Dynamically Sized Arrays
May 10, 2006 Hey, Ted
I have created an array to sort customer shipment data in the correct order for all part numbers that need to ship on a particular day. I want to define the array to grow as needed, as we anticipate our business growing. I don’t want the program blowing up when the number of elements is exceeded. Is it possible to dynamically size an array in an RPG program, rather than specify the number of elements at compile time?
I have two ideas for you, Jennifer. The first is to use RPG’s memory allocation features to get memory as you need it. Define the array to have some very large number of elements, more than you will ever use, but allocate only enough memory to hold the number of elements you need. If you run out of room, ask for more memory. The idea I’m proposing here is similar to the way physical files are allocated. When the file is full, the system extends the physical file size according to the increment value in the file description.
Here is an example I threw together to illustrate this approach.
H option(*srcstmt: *nodebugio) FQCustCdt if e disk prefix(Cus_) // Pointer needed for memory allocation operations D pInfo s * // Dynamically allocated array D Info ds based(pInfo) D CustInfo dim(1000) D Name 14a overlay(CustInfo:*next) D Number 6p 0 overlay(CustInfo:*next) D State 2a overlay(CustInfo:*next) // number of elements that have been allocated for the array to use D NbrAllocated s 10u 0 // number of elements that have been loaded with values D NbrInUse s 10u 0 // Initial number of array elements D NbrInit c const(10) // Number of elements to extend the array by D NbrIncr c const(5) /free *inlr = *on; // Initial allocation of array NbrAllocated = NbrInit; pInfo = %alloc(NbrAllocated*%size(CustInfo)); // Load the customer file into the array dow '1'; read CusRec; if %eof(); leave; endif; NbrInUse += 1; // If there is no room left in the array, extend it. if NbrInUse > NbrAllocated; NbrAllocated += NbrIncr; pInfo = %realloc(pInfo:NbrAllocated*%size(CustInfo)); endif; // Load the next array element. Name(NbrInUse) = %trimr(Cus_LstNam) + ',' + Cus_Init; Number(NbrInUse) = Cus_CusNum; State(NbrInUse) = Cus_State; enddo; // Sort the array into the proper sequence sorta %subarr(Name: 1: NbrInUse); sorta %subarr(State: 1: NbrInUse); return; /end-free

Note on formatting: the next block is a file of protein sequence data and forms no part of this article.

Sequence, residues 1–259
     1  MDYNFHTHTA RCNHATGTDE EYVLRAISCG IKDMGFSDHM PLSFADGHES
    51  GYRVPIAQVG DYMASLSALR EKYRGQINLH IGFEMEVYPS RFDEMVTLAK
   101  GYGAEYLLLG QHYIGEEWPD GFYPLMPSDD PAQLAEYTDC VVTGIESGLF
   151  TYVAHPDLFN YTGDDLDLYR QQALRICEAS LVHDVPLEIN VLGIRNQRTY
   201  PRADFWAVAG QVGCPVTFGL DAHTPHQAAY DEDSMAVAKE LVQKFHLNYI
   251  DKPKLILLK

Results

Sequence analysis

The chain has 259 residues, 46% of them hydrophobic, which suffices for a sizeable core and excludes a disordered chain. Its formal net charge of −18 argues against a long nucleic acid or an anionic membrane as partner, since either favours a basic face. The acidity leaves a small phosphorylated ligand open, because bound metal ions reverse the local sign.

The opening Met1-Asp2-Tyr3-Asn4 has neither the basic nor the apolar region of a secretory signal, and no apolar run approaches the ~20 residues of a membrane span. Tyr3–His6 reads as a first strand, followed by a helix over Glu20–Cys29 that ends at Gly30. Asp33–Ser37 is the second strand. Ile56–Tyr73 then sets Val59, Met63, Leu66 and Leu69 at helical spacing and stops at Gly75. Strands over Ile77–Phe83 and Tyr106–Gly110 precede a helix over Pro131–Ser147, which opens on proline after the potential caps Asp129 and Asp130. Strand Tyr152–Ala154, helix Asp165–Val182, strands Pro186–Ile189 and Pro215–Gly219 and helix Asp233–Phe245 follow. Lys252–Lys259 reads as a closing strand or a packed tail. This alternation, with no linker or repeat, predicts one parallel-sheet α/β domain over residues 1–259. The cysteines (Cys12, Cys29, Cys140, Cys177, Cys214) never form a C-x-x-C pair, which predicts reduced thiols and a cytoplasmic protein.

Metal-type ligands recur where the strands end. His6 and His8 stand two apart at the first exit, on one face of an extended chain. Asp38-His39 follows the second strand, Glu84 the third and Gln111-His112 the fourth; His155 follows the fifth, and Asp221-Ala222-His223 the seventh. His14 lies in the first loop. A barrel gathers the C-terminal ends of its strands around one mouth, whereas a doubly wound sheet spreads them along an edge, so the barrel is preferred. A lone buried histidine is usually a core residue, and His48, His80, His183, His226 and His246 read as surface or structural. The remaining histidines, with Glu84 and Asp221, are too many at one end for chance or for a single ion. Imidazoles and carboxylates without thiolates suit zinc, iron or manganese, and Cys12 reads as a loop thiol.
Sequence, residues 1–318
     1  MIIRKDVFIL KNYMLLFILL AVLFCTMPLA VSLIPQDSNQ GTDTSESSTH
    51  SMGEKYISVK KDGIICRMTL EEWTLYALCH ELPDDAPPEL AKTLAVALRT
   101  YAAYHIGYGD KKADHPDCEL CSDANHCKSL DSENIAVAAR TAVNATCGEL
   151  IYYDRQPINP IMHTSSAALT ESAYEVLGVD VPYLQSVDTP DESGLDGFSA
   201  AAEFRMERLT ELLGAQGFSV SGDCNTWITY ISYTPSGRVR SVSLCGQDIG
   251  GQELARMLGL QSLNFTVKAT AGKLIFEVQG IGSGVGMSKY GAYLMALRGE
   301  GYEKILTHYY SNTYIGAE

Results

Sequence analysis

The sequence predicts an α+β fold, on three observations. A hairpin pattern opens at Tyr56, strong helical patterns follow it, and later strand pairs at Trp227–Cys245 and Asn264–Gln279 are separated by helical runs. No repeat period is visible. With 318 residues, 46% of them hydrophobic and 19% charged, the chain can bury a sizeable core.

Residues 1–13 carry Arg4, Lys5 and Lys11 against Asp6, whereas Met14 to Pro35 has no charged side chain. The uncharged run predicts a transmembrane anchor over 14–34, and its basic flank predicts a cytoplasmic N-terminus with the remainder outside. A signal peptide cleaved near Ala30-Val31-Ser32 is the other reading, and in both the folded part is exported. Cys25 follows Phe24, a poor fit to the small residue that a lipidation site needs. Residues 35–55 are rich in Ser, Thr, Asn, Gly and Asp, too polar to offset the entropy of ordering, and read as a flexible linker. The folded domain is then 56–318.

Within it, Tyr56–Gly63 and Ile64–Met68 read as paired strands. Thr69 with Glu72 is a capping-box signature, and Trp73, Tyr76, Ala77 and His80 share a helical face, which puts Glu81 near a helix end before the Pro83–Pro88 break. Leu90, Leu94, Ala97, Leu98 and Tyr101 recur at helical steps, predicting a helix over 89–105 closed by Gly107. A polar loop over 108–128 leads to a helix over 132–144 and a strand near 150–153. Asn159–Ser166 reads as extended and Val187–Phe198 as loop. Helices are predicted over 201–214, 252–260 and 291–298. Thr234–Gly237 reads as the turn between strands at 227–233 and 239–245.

This program reads three fields of the QCUSTCDT file, which is in library QIWS, into array CUSTINFO. I’ve allowed for 1,000 elements in array CustInfo. Since CustInfo is in a data structure that is based on pointer pInfo, I have to use memory allocation operations to assign memory to the array.
Take a look at the calculations. The %ALLOC function assigns enough memory to hold an initial 10 elements. As I read each record of QCUSTCDT, I determine whether there is enough memory in the array to hold another element. Whenever the array fills up, I use the %REALLOC function to reallocate the array, adding memory for another five elements.
Once the array is loaded, I can sort it. You’ll see a couple of examples of sorting toward the end of the program. Notice that the %SUBARR function, which was introduced with V5R3, allows me to sort only the portion of the array that I have loaded.